U2 frontman Bono found himself at the centre of another racism row last night as the band kicked off its South African tour.
For the second time in a week, the band was in the limelight for all the wrong reasons after the lead singer appeared to show support for a controversial anti-apartheid song, which includes the words "shoot the Boer" (or "shoot the farmer").
The song prompted sustained debate after the murder of Eugene Terreblanche, a white separatist leader who was hacked to death on his farm, allegedly by two black employees.
Julius Malema, the head of the youth wing of South Africa's ruling African National Congress, was reprimanded last year for singing the song, which was an anti-apartheid anthem in the 1980s.
The song has been labelled "hate speech" by some members of South Africa's white community and the country's highest court is currently considering whether it violates the rights of Afrikaners.
But Bono compared its lyrics to Irish rebel songs about the IRA.
"I was a kid and I'd sing songs I remember my uncles singing. . . rebel songs about the early days of the Irish Republican Army," he said.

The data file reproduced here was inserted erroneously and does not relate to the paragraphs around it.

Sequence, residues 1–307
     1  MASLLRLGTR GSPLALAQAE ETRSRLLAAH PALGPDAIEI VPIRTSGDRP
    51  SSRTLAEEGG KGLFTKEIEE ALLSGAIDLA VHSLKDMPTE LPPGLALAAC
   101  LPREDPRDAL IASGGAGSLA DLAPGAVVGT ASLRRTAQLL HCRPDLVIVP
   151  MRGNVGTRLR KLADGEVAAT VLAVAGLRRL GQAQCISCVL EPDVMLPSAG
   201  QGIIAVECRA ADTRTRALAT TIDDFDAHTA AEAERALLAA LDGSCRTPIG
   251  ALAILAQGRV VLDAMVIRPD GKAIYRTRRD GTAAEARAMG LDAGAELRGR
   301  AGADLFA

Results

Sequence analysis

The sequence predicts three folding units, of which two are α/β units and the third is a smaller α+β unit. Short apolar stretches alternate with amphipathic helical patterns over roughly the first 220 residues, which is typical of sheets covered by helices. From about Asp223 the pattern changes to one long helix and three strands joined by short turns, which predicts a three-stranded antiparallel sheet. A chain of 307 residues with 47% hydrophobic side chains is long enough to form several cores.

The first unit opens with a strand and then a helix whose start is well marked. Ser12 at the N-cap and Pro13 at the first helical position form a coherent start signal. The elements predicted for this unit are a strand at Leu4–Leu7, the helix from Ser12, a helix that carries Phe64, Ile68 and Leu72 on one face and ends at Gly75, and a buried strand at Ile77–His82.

"We sang this and it's fair to say it's folk music. . . as this was the struggle of some people that sang it over some time."
But he cautioned that such music shouldn't be taken out of context.
"Would you want to sing that in a certain community? It's pretty dumb. It's about where and when you sing those songs," he said.
The comments, made to a South African newspaper, caused a storm of controversy about whether Bono was coming out in support for the firebrand leader of the ANC's youth league, Julius Malema.
Mr Malema has been taken to court by an Afrikaner lobby group after singing the song at political rallies.
The report immediately reopened debate on South African social networks and radio talk shows.
Steve Hofmeyr, a popular Afrikaans musician, told his Twitter followers he had thrown tickets worth more than €475 for U2's concert in Johannesburg into a river in protest.
A spokesman for the band insisted that Bono's comments were quoted out of context and that he was not referring to the "kill the farmer" song.
This latest row has come just days after U2 manager Paul McGuinness dismissed allegations that the band was failing to employ enough local black workers during its two-date tour of South Africa.
The South African Roadies Association had threatened to picket U2's concert in Johannesburg to highlight what it said was the refusal of big acts to employ black crew.